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[pct-l] re: John Koch-Ice Axes

John asked about the durability of a particular axe. I can't help you with 
specifics John, but during  my '82 thru-hike, lite axes weren't yet 
available. I carried an axe though from border to border, that I ordered to 
be long enough to double as a short hiking staff (my arm would be slightly 
bent when the axe was at my side on solid ground). This axe is aluminum 
shafted axe with steel point, adze and pick. This length worked great for 
stability in tricky areas like steam crossings and climbing over 

Most of the time, I carried it parallel to the ground in my hand. It was 
lite enough to not upset the natural swinging of the arms during one's gate. 
On only one or two days, did I lash the axe to my pack. And yes, when it was 
on my pack, I objected to the weight. In my hand though, it was just fine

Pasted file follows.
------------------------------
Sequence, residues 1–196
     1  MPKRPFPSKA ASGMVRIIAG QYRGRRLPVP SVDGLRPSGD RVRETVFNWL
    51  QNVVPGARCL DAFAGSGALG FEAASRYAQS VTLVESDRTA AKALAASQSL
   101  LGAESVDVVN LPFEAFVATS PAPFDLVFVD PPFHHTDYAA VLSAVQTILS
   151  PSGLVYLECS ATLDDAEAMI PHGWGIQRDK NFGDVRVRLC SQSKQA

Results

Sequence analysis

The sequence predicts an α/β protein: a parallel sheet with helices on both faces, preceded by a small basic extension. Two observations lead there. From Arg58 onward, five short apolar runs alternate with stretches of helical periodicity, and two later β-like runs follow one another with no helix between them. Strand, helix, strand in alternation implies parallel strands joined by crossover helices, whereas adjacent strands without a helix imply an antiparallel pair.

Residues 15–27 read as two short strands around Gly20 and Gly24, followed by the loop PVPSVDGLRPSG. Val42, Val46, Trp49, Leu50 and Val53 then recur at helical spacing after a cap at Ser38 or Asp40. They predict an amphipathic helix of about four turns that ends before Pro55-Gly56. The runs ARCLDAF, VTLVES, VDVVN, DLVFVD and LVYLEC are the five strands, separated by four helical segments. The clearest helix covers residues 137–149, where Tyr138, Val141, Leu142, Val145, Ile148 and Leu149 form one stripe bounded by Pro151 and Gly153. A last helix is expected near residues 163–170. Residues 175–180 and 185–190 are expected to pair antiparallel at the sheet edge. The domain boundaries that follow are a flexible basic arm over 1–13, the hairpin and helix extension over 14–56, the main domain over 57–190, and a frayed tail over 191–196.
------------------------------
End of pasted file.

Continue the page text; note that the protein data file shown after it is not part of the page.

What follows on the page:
and it was always THERE when I needed it. I'll never replace this axe but I 
do look at the new ones in the shops. When I look at the axes, I look to see 
if longer lengths are available, and that the axe if comfortable to carry, 
with the hand on the head, adze forward. Most new axes have welded heads and 
square uncomfortable corners. I gravitate to the axes with rounded edges 
between the pick and adze. 

One comfort note though on carrying an axe, the aluminum shafted axes can be 
cold to carry at times. Wrapping the shaft in tape, in a manner that 
wouldn't impede the travel of an ice axe loop, could help. This would also 
help keep your hand from turning black, once the paint wears-off and your 
hand begins to polish that aluminum shaft. I didn't do this, and the axe was 
a constant source of discoloration. My axe was a life saver in a couple 
situations in snow-bound travel above Lake Tahoe, and I bring it on any trip 
where I'll be at elevation.

Ken Marlow
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